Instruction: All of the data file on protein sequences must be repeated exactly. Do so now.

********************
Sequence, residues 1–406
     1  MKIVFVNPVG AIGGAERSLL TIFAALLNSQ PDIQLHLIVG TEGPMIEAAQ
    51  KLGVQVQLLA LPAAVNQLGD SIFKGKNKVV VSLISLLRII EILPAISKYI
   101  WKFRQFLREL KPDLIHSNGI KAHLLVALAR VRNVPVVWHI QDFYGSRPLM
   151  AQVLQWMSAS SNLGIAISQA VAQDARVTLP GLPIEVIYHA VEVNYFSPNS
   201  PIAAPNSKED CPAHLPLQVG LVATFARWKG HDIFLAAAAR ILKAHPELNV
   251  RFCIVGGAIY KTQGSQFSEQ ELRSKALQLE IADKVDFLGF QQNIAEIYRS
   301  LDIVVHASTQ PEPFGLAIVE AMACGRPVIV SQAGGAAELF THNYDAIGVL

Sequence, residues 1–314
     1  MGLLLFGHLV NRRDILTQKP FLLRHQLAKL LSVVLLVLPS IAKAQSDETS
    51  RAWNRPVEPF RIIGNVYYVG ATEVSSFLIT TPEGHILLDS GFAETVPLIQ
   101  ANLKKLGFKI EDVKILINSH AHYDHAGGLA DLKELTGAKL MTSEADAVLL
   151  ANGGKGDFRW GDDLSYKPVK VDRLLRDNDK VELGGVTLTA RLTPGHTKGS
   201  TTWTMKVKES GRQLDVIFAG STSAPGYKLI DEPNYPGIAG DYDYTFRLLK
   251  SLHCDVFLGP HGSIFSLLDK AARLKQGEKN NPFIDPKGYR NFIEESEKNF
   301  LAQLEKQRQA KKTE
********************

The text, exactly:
Sequence, residues 1–406
     1  MKIVFVNPVG AIGGAERSLL TIFAALLNSQ PDIQLHLIVG TEGPMIEAAQ
    51  KLGVQVQLLA LPAAVNQLGD SIFKGKNKVV VSLISLLRII EILPAISKYI
   101  WKFRQFLREL KPDLIHSNGI KAHLLVALAR VRNVPVVWHI QDFYGSRPLM
   151  AQVLQWMSAS SNLGIAISQA VAQDARVTLP GLPIEVIYHA VEVNYFSPNS
   201  PIAAPNSKED CPAHLPLQVG LVATFARWKG HDIFLAAAAR ILKAHPELNV
   251  RFCIVGGAIY KTQGSQFSEQ ELRSKALQLE IADKVDFLGF QQNIAEIYRS
   301  LDIVVHASTQ PEPFGLAIVE AMACGRPVIV SQAGGAAELF THNYDAIGVL

Sequence, residues 1–314
     1  MGLLLFGHLV NRRDILTQKP FLLRHQLAKL LSVVLLVLPS IAKAQSDETS
    51  RAWNRPVEPF RIIGNVYYVG ATEVSSFLIT TPEGHILLDS GFAETVPLIQ
   101  ANLKKLGFKI EDVKILINSH AHYDHAGGLA DLKELTGAKL MTSEADAVLL
   151  ANGGKGDFRW GDDLSYKPVK VDRLLRDNDK VELGGVTLTA RLTPGHTKGS
   201  TTWTMKVKES GRQLDVIFAG STSAPGYKLI DEPNYPGIAG DYDYTFRLLK
   251  SLHCDVFLGP HGSIFSLLDK AARLKQGEKN NPFIDPKGYR NFIEESEKNF
   301  LAQLEKQRQA KKTE